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5.4/10
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189 user 134 critic

Mute (2018)

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2:10 | Trailer
A mute bartender goes up against his city's gangsters in an effort to find out what happened to his missing partner.

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(screenplay by), (screenplay by) | 1 more credit »
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931 ( 60)

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Cast

Cast overview, first billed only:
... Young Leo
Rosie Shaw ... Young Sybille
... Young Man
... Young Woman #1
... Young Woman #2
Caroline Peters ... Leo's Mother
Laura de Boer ... Doctor
Grégoire Gros ... Doctor's Assistant
... Leo
... Naadirah
... Luba
... Cactus Bill
... Sgt. Robert Kloskowski
... Rhonna
... Stu
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Storyline

Berlin. Forty years from today. A roiling city of immigrants, where East crashes against West in a science-fiction Casablanca. Leo Beiler (Skarsgard), a mute bartender has one reason and one reason only for living here, and she's disappeared. But when Leo's search takes him deeper into the city's underbelly, an odd pair of American surgeons (led by Rudd) seem to be the only recurring clue, and Leo can't tell if they can help, or who he should fear most.

Plot Summary | Add Synopsis

Taglines:

He doesn't need words.


Certificate:

TV-MA | See all certifications »

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Release Date:

23 February 2018 (USA)  »

Also Known As:

Mudo  »

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2.00 : 1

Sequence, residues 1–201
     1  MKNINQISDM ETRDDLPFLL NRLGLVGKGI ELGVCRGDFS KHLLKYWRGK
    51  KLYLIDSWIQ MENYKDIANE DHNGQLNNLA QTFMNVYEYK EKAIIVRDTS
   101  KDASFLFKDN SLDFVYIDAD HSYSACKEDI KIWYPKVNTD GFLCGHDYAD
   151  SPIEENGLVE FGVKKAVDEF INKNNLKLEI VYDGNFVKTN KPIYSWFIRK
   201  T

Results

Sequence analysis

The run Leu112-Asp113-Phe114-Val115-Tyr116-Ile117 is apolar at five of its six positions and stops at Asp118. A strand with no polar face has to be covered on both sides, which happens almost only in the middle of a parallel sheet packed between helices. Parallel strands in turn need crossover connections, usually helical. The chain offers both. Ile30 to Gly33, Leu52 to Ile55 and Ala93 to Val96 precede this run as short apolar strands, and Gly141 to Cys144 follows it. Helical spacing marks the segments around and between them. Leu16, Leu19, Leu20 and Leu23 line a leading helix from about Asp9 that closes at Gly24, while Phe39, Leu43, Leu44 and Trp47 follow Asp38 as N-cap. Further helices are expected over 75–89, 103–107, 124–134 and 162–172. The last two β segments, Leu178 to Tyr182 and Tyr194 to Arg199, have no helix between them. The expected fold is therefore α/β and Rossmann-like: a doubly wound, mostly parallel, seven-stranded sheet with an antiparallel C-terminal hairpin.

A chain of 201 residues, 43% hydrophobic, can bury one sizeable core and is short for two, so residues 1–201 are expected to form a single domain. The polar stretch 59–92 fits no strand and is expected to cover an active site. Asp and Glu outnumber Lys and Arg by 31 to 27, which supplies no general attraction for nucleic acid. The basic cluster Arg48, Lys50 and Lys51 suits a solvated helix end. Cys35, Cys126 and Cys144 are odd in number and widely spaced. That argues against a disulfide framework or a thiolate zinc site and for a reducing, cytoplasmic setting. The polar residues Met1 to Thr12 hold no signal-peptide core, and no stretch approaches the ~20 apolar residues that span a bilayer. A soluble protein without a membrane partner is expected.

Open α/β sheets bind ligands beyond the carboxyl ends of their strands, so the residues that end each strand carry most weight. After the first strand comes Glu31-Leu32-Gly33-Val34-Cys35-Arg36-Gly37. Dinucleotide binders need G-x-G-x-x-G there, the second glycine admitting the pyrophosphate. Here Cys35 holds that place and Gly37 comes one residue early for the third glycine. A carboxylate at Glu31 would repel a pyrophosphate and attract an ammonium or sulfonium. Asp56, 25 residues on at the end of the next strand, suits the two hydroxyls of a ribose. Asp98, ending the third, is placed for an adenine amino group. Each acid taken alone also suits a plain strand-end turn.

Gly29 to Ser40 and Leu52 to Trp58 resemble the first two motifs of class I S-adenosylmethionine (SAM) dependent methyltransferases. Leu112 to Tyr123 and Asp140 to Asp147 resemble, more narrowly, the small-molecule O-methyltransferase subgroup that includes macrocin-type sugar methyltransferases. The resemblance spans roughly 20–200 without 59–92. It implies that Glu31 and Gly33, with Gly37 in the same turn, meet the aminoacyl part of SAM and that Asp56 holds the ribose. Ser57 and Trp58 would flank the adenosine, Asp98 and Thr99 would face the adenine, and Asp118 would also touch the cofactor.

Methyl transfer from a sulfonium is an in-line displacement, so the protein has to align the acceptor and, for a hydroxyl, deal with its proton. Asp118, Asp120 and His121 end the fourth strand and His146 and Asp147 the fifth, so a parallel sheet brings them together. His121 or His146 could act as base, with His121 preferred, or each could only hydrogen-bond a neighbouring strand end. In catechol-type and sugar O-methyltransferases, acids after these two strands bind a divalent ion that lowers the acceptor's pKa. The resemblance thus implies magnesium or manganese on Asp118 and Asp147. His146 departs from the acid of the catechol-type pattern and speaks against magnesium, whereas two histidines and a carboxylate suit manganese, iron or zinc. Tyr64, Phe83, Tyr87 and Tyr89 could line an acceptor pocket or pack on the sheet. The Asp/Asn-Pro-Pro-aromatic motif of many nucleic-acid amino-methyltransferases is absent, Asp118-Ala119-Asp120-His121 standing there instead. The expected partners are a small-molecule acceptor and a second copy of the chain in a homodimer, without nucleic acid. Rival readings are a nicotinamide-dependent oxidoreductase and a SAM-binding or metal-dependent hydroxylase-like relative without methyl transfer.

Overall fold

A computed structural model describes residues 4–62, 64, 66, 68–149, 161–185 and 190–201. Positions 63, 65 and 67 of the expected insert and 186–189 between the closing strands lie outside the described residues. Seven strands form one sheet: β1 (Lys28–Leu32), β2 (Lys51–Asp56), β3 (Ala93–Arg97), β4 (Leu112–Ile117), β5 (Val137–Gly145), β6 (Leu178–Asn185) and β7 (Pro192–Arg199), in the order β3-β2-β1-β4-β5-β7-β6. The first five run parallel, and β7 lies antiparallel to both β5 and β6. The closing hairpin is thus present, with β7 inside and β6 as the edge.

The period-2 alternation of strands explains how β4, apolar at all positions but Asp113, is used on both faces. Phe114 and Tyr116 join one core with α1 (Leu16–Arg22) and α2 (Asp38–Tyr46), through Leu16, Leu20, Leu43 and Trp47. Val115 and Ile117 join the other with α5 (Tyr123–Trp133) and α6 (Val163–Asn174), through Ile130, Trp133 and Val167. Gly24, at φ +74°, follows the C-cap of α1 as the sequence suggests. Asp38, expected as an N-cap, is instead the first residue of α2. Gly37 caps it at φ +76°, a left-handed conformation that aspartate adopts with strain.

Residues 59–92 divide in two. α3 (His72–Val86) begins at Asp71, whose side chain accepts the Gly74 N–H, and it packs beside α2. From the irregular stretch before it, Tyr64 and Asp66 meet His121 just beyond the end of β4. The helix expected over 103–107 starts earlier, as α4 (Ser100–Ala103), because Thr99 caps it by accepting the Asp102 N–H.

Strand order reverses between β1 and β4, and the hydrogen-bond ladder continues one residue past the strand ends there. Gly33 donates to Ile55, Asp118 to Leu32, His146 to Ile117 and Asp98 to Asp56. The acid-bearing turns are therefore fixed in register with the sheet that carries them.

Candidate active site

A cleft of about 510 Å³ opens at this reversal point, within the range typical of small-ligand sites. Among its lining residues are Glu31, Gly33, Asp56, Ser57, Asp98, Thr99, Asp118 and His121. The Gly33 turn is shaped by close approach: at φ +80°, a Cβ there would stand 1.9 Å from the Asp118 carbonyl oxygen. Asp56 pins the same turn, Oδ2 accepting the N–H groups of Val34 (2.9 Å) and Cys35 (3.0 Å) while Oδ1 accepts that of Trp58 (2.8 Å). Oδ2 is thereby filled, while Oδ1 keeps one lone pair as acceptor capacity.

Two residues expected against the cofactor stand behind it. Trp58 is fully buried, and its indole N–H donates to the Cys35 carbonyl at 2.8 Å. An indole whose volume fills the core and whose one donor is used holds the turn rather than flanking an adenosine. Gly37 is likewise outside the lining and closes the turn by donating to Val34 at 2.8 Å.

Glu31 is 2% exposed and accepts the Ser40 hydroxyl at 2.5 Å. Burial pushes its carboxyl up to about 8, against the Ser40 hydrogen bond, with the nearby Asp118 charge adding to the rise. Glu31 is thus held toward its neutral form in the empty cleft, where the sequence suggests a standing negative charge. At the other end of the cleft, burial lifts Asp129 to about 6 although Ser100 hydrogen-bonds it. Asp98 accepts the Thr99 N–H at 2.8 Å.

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Did You Know?

Trivia

David Hasselhoff is on the currency in the scene when Paul Rudd's character pays the babysitter. See more »

Quotes

Title Card: In order to mold his people, God often has to melt them. Amish proverb
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Connections

References The Third Man (1949) See more »

Soundtracks

Symphony No. 4 (Heroes)
Written by Philip Glass from the music of David Bowie and Brian Eno
Performed by Sinfonieorchester Basel
Conducted by Dennis Russell Davies
Courtesy of Orange Mountain Music
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User Reviews

 
Ambitious and evocative, but also pretentious and impenetrable.
26 February 2018 | by See all my reviews

Netflix has been going all-in on original content over the last few years, but until recently that was primarily through long-form narrative shows (one story told over multiple episodes) and disposable Adam Sandler movies. The last six months has seen the streaming service giant make a big push into A-grade feature length work (Mudbound, Bright, Cloverfield Paradox, to name just a few), and this sprawling sci-fi is arguably their most intriguing prospect yet. With ambitious auteur Duncan Jones given free rein on what he has expressed as his passion project, having concocted the story with childhood friend and co-writer Michael Robert Johnson, there's zero chance of it being dull. And dull it most definitely isn't, the propulsive story-a man scours the grimy underbelly of a futuristic Berlin when his girlfriend goes missing-keeps the viewer on their toes whilst the gorgeous realisation of a Blade Runner-esque tech-future is a pure feast for thine eyes. But here's the catch: with a reluctance to explain almost anything about this world, or provide character motivation for anyone other than Alexander Skarsgård's silent bartender Leo, the plot can be complicated to the point of pretentious. There are a lot of little flourishes and subtle touches that colour this universe, although they would have meant so much more if the overall context was clearer. As it stands these unexplained moments become increasingly frustrating, threatening to derail the whole movie. His acting skills well and truly put to the test, Skarsgård is likable enough as the gentle giant on a mission; however, Paul Rudd is horribly miscast as a scumbag AWOL soldier, his persistent mean-spirited goading of others regularly veering into pantomime. There is clearly a lot of passion and ambition on display with Mute, but while for some it will be evocative and demanding, for others it will simply be pompous and impenetrable. For me it's somewhere in the middle with the scales tipping ever so slightly towards the latter.


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